I suspect a lot of people are fearing a spillover effect into Jordan.

Posted by: Lysander | Feb 13 2012 13:39 utc | 2

I don't think that the neo-cons are at all disturbed. They have always been Al Qaida's best friends and sponsors. The more chaos and death that there is in the Arab lands the better these racists are pleased. And there are large chunks of Syria that zionists dream of owning.

What will be of interest is how they choose to manage this "news" while continuing to arm, "stiffen" the ranks of and pay for this attempt at regime change. This is because public opinion is of no interest to the forces which are most active in US policy making, the people who really know what they want, including both zionists and Saudi/Gulf tyrants. They regard the masses everywhere as impotent cattle whose opinions are irrelevant.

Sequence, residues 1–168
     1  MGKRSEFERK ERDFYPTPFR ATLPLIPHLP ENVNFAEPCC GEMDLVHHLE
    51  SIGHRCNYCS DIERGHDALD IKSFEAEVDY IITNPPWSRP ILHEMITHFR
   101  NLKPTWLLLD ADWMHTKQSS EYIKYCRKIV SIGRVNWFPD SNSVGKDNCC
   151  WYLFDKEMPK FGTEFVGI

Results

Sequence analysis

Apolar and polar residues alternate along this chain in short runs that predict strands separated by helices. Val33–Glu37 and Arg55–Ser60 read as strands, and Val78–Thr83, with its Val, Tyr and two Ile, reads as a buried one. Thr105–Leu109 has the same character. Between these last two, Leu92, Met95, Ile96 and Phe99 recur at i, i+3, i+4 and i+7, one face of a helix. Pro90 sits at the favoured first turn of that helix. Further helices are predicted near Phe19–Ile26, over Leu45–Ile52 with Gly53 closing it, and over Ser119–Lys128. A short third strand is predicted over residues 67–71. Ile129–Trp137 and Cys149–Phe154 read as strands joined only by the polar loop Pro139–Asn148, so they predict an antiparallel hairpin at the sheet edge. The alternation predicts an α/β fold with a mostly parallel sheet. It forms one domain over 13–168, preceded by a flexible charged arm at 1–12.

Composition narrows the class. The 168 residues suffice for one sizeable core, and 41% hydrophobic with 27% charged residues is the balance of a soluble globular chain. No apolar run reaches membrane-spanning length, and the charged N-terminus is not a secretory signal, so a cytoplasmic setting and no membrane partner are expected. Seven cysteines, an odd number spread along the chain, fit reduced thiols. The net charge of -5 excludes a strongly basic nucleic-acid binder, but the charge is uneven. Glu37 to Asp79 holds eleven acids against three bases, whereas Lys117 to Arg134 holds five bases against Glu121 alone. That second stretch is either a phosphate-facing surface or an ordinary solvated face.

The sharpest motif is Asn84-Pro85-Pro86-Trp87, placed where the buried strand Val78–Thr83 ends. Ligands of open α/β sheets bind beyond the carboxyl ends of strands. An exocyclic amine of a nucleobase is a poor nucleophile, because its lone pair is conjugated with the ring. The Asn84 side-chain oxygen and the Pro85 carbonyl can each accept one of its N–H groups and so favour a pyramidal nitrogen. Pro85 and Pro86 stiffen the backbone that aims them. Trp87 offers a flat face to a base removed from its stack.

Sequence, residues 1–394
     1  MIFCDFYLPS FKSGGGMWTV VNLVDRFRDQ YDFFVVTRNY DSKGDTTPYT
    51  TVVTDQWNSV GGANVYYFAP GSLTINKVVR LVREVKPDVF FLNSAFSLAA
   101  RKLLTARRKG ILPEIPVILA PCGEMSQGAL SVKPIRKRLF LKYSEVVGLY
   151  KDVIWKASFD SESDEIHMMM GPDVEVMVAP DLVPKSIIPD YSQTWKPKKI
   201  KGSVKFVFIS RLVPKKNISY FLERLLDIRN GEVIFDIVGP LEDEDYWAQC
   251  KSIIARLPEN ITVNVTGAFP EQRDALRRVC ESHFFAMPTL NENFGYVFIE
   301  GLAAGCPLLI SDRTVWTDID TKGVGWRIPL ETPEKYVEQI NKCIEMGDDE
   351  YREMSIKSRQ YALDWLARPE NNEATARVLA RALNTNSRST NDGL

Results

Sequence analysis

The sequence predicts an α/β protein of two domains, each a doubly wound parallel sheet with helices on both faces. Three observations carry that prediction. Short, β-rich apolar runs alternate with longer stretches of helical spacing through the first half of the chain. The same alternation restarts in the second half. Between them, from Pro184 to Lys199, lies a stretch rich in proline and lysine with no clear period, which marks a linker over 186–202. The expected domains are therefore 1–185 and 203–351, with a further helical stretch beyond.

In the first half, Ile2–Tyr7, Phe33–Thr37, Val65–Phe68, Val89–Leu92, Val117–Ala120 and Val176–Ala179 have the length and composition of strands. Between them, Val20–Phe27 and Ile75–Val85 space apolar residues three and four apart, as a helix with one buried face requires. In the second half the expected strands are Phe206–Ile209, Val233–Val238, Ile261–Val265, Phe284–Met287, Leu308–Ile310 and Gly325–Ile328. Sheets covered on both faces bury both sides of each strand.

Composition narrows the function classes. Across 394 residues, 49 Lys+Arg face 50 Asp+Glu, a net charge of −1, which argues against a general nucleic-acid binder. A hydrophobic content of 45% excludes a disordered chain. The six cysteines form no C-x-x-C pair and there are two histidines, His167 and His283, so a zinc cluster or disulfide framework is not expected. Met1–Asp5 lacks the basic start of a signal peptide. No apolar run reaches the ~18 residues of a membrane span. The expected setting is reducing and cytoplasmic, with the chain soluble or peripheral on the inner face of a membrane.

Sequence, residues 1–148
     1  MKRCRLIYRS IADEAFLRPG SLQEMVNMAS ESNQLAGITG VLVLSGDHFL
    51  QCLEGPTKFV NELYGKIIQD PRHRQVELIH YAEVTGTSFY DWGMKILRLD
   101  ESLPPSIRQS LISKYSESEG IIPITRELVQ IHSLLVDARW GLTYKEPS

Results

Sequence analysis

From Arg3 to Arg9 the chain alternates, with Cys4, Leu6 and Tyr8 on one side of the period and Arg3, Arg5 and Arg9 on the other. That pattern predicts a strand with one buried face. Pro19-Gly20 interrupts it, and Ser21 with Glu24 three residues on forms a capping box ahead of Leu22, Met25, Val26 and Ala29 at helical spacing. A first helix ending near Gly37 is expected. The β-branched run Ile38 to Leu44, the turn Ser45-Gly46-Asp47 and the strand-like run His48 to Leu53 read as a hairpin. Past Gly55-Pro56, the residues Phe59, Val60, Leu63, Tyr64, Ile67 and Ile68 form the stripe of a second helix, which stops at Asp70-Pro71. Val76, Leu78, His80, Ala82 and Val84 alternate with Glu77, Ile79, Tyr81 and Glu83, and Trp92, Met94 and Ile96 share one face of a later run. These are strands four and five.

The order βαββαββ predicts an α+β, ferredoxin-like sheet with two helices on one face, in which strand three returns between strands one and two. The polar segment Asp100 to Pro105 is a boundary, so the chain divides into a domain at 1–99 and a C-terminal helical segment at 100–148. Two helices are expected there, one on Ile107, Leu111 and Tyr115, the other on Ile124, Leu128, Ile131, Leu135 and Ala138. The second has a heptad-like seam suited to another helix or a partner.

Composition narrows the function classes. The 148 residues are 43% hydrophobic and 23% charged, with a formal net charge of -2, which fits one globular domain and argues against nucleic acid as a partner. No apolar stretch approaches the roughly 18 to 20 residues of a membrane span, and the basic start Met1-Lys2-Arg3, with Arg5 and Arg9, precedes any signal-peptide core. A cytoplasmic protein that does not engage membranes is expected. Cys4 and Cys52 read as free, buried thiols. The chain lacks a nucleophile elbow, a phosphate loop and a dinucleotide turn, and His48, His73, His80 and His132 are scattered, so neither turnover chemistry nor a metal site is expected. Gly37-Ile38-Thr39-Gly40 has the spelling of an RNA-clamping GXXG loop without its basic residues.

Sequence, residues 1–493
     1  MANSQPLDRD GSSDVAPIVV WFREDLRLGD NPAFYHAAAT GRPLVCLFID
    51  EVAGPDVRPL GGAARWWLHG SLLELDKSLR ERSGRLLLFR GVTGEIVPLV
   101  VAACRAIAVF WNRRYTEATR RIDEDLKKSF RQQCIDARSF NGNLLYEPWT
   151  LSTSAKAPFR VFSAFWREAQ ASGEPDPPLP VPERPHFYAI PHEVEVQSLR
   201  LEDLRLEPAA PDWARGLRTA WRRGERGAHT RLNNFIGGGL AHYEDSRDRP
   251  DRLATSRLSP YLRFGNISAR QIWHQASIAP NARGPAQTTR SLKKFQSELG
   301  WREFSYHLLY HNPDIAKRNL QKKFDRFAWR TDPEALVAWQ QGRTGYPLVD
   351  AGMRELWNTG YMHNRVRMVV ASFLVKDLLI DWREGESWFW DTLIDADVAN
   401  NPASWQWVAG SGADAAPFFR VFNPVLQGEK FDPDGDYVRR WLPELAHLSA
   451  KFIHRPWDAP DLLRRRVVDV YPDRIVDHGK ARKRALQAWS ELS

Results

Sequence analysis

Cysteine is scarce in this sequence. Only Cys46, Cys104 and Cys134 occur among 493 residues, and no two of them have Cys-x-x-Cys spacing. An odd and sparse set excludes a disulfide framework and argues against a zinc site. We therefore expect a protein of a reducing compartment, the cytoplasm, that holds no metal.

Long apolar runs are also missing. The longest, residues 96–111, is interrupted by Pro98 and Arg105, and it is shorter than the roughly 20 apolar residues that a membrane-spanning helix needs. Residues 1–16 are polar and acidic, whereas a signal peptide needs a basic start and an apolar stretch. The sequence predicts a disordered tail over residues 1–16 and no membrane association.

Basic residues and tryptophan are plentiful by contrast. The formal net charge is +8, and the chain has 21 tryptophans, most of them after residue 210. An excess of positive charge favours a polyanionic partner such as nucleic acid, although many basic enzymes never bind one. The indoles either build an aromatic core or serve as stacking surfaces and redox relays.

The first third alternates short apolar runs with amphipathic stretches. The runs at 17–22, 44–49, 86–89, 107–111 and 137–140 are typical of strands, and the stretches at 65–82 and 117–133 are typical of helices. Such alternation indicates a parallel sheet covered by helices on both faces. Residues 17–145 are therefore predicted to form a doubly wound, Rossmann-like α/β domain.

As can be seen from the ruthless way that Greece is being plundered and raped the ruling class has nothing but contempt for public opinion and very little patience left for conventional politicians who insist on masking fascist objectives with "humanitarian" and "democratic" narratives. It is clearly ludicrous to associate the ruthless Saudis and Qataris with either and, from their point of view, subversive to suggest that they have any interest in the democratic rights or welfare of the average Syrian.